"Effective January 10, 1977, the former Rules of Appellate Practice, numbers 1 through 18 were repealed and new rules of appellate procedure adopted. (220 Kan. xxix). The new rules contained no comparable statement. However, as noted above, when the briefs did not raise an error such errors were not considered even after elimination of the court rule.
"We find no Kansas cases which recognize an error not raised on appeal other than the inferences which might well be drawn from the Kansas cases cited above. However, it is noted that other jurisdictions have recognized grave trial errors even though said errors were not raised in the briefs. Some have done so under specific rules of court which allow them to recognize 'plain error,' while others have done so in the interest of justice.
"In Knihal v. State, 150 Neb. 771, 36 N.W.2d 109 (1949), the court reviewed an instruction even where said instruction was not assigned as error by defendant in his brief. The instruction was in a criminal case and infringed upon the right of a jury to judge the credibility of witnesses and to give weight to their testimony. Said instruction was held to be an abridgement of the substantial right of the defendant. It is noted that in Nebraska, under a special rule of court, an appellate court was allowed to recognize plain error.
"In State v. Cutshaw, 7 Ariz. App. 210, 437 P.2d 962 (1968), it was held that it was immaterial whether a fundamental defect was raised by defendant's brief or by the Court of Appeals, sua sponte. The error was considered even though not raised on appeal. It is noted the error was raised below. Because of a faulty information, the particular defect was that the defense had no way of knowing what the issues were.
"In Davis v. State, 276 So. 2d 846 (Fla. Dist. Ct. App. 1973), though a point was not raised by defendant in his brief, the court of appeals recognized an obvious error in admitting evidence of another offense. It was therein stated:
'[P]atently invalid convictions ought not be affirmed on the basis of technicalities which cannot in the end thwart effective appellate review once the appellant gets the due process to which he is entitled.' 276 So. 2d at 849.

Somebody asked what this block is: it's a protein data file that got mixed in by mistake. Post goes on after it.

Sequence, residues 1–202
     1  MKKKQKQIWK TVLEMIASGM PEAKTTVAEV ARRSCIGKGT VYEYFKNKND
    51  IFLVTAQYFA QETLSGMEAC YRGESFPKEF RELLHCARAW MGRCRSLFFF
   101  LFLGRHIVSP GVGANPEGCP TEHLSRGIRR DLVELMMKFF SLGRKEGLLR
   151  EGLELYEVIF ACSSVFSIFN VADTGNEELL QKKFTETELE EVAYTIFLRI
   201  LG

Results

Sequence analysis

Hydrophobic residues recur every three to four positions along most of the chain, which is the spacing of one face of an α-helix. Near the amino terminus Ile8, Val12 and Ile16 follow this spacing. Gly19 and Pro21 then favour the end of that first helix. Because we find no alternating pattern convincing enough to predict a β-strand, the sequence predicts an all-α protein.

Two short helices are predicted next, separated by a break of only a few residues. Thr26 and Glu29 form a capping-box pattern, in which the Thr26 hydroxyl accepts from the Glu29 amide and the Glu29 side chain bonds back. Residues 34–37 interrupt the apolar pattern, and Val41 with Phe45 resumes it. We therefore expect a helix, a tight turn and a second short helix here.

"In People v. Hendrickson, 11 Ill. App. 3d 219, 296 N.E.2d 751 (1973), the court considered an error which was clear from the record under a rule of court which allowed them to recognize plain error.
"In People v. McCollough, 8 Ill. App. 3d 963, 291 N.E.2d 505 (1972), the question of the constitutionality of a statute was considered even though not raised in the court below nor on appeal. That state had a rule of court which allowed them to recognize plain error.
"In Boyd v. State, 204 So. 2d 165 (Miss. 1967), an unlawful search and seizure was considered although the issue was not briefed on appeal.
"In Tatum v. State, 534 S.W.2d 678 (Tex. Crim. 1976), the question of double jeopardy which was not raised in appellant's brief was considered because said issue involved both a violation of state and federal constitution[s] and required review in the interest of justice.
"In Henson v. State, 530 S.W.2d 584 (Tex. Crim. 1975), the clear violation of a statute regarding preparation time for counsel could be reviewed even though not raised by the briefs.
"In State v. Smith, 11 Wash. App. 216, 521 P.2d 1197 (1974), an instruction which was assigned as error but was not set forth in the brief was reviewed. The court stated:
'Ordinarily, failure to set forth a challenged instruction in the brief will prevent review, as will failure to present the grounds relied upon to the trial court. However, instructions which allegedly violate a constitutional right "will be reviewed even though error was not properly claimed or preserved." (Citation omitted)' 11 Wash. App. 224, citing from State v. Williams, 4 Wash. App. 411, 413, 481 P.2d 918 (1971)."
Our Supreme Court, in State v. Puckett, 230 Kan. 596, 598-601, 640 P.2d 1198 (1982), Justice Prager writing, stated on review:
"The issue presented has been addressed on several occasions by this court. We note for
example Pierce v. Board of County Commissioners, 200 Kan. 74, 434 P.2d 858
(1967), where Justice
Fontron stated the general rule and then recognized certain exceptions thereto. Syllabus ¶